Abortion Ban Repeal Signed by Governor and Other Successes
Well, primary elections matter. A coalition of organizations challenged the Democrat Senators who voted “No” on the 2019 version of HB7/ SB10 and all but two of them were voted out of office. And today, the Abortion Ban has been repealed and a NM woman is insured the right to make her own reproductive health decisions. This is a milestone!
There are a number of other very good bills that are working their way through the Roundhouse and are likely to land on the Governor’s desk. We will almost certainly legalize recreational cannabis, we will likely pass a 36% cap on predatory lending rates, we are almost assuredly going to pass increased Permanent Funding for early childhood education, and we will make modest progress in reforming our tax and revenue system. None of these bills got through the legislature in 2019. So, elections can matter. A lot.
But as the piece below outlines, there are still constraints that restrict our vision and our capacity to pass other transformational legislation or to spend from our overflowing coffers to address longstanding problems and challenges, problems that have been studied to death already and yet, the priority this session is to study them some more, not to allocate resources to solve the problems.
So, we have more to learn about how this archaic legislative framework functions and how and where we can change it to be more transparent and responsive. The piece below starts to assemble the pieces. Post-session, it will be time to consider them together and plan for the future.
Do You Want to Understand How the Roundhouse Really Works? Recent Retake Posts Offer Clues
Over the past two weeks, Retake has published posts describing how the legislature really functions, the failings in the system, the strings pulled by industry, the behind-closed-doors forces that establish the parameters that define what is possible or reasonable. Together it explains how after four years of successful election campaigning resulting in a far more progressive legislature, we can still find one bill after another stalled, and with the largest surplus in state history and tens of billions in reserves, we continue operating in a very fiscally conservative and socially irresponsible manner, planning and studying problems that have been studied before, and refusing to use our resources to actually address those problems. After the session is over, we will take these and other pieces and compile them into a cogent document that outlines how this system really works and what we need to do to fix it. Disclosure alert: at this point in time, the “what we need to do to fix it” escapes me, while the problems are very, very clear. Read on.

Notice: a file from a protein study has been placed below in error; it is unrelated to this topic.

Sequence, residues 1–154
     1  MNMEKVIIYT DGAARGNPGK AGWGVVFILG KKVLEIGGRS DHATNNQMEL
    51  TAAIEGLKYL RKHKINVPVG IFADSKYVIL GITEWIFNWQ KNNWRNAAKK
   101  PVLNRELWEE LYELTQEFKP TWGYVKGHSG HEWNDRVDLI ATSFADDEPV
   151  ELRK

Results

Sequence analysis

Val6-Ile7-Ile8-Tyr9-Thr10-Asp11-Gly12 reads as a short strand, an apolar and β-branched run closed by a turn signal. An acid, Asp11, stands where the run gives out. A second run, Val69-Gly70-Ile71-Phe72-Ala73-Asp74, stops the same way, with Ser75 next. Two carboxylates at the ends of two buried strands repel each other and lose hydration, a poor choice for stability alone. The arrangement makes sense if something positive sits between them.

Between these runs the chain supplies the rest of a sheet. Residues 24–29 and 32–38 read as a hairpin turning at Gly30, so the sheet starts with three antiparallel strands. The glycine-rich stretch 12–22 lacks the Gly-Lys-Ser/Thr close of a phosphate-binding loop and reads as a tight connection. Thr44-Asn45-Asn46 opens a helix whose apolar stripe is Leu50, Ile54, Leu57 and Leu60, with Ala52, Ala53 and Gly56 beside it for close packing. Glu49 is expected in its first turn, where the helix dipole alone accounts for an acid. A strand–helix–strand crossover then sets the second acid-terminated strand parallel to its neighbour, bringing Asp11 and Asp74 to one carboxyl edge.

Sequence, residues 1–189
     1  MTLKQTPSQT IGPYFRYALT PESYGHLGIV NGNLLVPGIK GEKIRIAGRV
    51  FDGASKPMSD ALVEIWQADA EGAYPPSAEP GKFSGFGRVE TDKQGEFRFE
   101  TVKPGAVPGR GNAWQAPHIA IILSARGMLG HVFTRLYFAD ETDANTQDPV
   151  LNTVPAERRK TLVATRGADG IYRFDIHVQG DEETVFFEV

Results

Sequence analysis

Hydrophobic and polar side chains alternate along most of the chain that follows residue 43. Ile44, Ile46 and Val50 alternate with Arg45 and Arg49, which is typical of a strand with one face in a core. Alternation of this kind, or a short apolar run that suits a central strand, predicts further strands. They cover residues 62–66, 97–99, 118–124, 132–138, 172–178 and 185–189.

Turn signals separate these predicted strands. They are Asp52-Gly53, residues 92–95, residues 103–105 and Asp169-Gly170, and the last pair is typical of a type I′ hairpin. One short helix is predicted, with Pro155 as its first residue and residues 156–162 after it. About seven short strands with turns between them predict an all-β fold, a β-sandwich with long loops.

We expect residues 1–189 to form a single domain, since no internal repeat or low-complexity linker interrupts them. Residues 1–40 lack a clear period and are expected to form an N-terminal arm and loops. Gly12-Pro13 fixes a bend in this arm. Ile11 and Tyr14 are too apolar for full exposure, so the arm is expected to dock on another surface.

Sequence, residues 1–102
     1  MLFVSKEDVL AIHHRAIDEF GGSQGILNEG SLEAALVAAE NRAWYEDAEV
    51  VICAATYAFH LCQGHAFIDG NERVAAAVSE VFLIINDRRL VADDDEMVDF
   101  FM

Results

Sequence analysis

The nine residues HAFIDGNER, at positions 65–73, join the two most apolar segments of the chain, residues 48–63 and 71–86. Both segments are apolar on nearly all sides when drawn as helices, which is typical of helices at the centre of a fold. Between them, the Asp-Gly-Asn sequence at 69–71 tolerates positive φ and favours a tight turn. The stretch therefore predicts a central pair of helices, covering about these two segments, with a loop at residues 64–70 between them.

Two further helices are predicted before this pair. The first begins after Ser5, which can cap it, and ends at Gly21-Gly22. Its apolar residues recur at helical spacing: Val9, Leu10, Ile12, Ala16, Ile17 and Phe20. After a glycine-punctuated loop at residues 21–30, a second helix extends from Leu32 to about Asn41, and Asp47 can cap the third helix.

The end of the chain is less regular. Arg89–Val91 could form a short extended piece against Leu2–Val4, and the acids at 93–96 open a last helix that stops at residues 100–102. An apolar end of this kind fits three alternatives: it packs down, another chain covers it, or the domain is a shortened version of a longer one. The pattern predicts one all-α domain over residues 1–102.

- Friday, Feb. 26. “What is Rethink Our Democracy? And What Will It Do? Plus an Important Legislative Update With a Call to Action!” Aside from providing a preview of Retake Our Democracy’s big plans post session, the post provides a description of the “Junior Bill” process and how it is used. This is one of those legislative practices that advocates need to understand. The piece also describes how sponsors of HB 203, the Health Security Planning & Design bill are using Junior Bill funds to ensure funding for the 20-month design phase. See below for a call to action on that.